Nathan Huppatz and Ben Hare on Amazon in Australia

I sat down with Nathan Huppatz, co-founder of Costumes.com.au, and Ben Hare, director and chief operating officer of online retailer TinyMe, to see what their thinking around Amazon’s imminent arrival in Australia was, and how online retailers can put their best foot forward regardless.

1. Do you think Amazon will arrive in Australia this year, and why?

Nathan Huppatz:

“Yes I think they will, but it may only be in the form of grocery and not merchandise yet. We will see, but my sources indicate they are looking for space as well as staff.

Getting a distribution centre (or multiple centres) up and running before Christmas 2017 would be a big ask, as they would have to not only fit it out (it is likely they might lease space first, and perhaps build distribution centres later) but also stock with product, train staff, get processes running etc. And as they are only hiring now, they have a long way to go. I suspect that if they do open warehouses to start selling merchandise, that it may not be until next year that we see this.”

Ben Hare:

“There has been speculation around Amazon’s imminent arrival in Australia for years now, but 2017 may well be the year. As they work down their list of priorities, no doubt Australia must be progressively getting closer.”

2. If Amazon does arrive in Australia in 2017, what do you think it could mean for local retailers?

Nathan Huppatz:

“Local retailers will be put under a little more pressure, over time. Amazon is a huge brand and already well known by Australians, many of whom already shop on the American, Canadian and UK sites. Although they may not have a big impact initially, I believe they will really force a lot of retailers to re-think their offerings. Australia has a relatively low e-commerce penetration rate compared to more mature markets like the US, Europe and UK, where Amazon has taken hold.”

Ben Hare:

“Amazon’s arrival is likely to be a double-edged sword for local retailers. Certainly, they are a major competitive threat and are likely to impact margins. But on the flip side, Amazon’s arrival would likely accelerate penetration of online shopping in Australia and provide another channel for online retailers. On balance though, the impact would be mostly negative.”

3. What are the weakest links in Australia’s pipeline to innovation success, and why do you think it’s important they need to be aggressively tackled?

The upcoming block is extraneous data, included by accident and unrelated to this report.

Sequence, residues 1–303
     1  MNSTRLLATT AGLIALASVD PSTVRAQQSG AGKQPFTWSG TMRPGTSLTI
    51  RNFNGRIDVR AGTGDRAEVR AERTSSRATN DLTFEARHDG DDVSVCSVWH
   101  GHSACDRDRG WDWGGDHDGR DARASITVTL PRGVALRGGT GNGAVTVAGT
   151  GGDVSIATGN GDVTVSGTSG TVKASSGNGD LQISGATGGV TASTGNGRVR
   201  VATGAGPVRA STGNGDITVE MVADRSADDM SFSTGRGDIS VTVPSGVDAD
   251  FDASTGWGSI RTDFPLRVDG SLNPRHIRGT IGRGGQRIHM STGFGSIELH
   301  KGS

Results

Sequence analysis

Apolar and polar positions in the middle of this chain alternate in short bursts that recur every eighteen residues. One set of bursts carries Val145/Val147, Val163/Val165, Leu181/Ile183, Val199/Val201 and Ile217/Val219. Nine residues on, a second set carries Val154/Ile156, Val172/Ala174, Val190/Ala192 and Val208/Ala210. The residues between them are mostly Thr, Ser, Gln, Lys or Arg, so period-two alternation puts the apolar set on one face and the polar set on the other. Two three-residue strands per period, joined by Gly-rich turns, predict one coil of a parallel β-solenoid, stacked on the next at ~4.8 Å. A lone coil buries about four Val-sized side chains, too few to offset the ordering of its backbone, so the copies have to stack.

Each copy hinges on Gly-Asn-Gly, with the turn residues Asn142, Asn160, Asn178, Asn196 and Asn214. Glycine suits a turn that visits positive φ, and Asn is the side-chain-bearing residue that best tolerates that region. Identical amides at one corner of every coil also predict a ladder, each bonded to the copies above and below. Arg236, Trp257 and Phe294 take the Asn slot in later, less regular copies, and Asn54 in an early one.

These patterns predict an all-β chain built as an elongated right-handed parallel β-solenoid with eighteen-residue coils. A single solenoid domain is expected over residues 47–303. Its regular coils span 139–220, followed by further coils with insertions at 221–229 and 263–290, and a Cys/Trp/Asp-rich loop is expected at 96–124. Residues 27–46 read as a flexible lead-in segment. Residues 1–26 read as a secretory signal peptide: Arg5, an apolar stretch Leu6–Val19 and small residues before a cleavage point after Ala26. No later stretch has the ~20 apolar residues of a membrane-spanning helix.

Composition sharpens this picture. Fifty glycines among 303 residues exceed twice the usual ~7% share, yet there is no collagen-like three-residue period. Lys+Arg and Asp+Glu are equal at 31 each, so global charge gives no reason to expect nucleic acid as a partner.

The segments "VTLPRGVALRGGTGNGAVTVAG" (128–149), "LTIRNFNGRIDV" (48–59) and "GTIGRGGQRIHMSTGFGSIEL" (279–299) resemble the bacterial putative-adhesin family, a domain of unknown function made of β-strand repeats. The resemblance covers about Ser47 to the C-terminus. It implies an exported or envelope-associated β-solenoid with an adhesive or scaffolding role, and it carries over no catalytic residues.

Nathan Huppatz:

“I think competition creates innovation, so from that perspective Amazon’s entrance into the local market should certainly prompt some innovation. Innovation success also needs support from industry and regulation. We are seeing more activity in the funding space for startups in technology, e-commerce and other areas, and a stronger focus from government over the past five years to help support startups and innovation too. Previously, this lack of support was a weak link in our pipeline, but I personally believe we have a better ecosystem now for innovation than we have ever had.”

Ben Hare:

“I don’t think there’s much stopping Australians from innovating to be globally competitive. We just need to get out there and give it a crack. Historically, I think we’ve been held back by having a smaller domestic market by global standards. But increasingly, Australian retailers are able to compete in the global market. The more we can reduce trade barriers to assist that, the better. Competition has always been the greatest stimulus to innovation.”

4. How can Australia minimise Amazon disrupting our local e-commerce landscape? What do you think online retailers can do to prepare?

Nathan Huppatz:

“Great question! We can be innovative in our product offering. We can support our customers with more than just price. We can offer product, range and service, along with website/in-store experiences that Amazon can’t touch. I am afraid though, that if you are retailer of a commoditised product, already battling for market share in a competitive space, that the arrival of Amazon won’t help. My e-commerce compatriots in the USA have shown me that Amazon is not necessarily their friend. They are a marketing channel for many businesses and can provide a good level of extra marketplaces sales, but they can also be a fierce competitor!”

Ben Hare:

“The most important thing is to be clear on is what differentiates your business in the customer’s eyes, and continually invest in that. It’s all about execution. E-commerce is now a global industry. To be competitive we need to relentlessly improve in order to build a globally competitive, differentiated offering for customers. For us at Tinyme, that’s about innovating through mass customisation, to create unique products that people will value.”

Final Words

Nathan Huppatz:

“Online retailers in Australia need to realise that amazon will often sell the same product you do, in competition with you. They may let you sell on their platform, find out what works well and is profitable, then buy direct, or manufacture themselves and beat you on price. However if you manufacture your own product, then Amazon may be a good new channel to sell into.”

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2 thoughts on “Nathan Huppatz and Ben Hare on Amazon in Australia

    • dean
    • 15th February

    great interview and amazon is building alot of hype by not releasing any details

    Reply
  1. I think Nathan and Ben hit the nail on the head here. Smaller retailers need to handle Amazon very carefully, as ally can turn to enemy in the blink of an eye. Creating differentiation, and offering personalised service as well as a unique product offering is the only way to beat them.

    Reply

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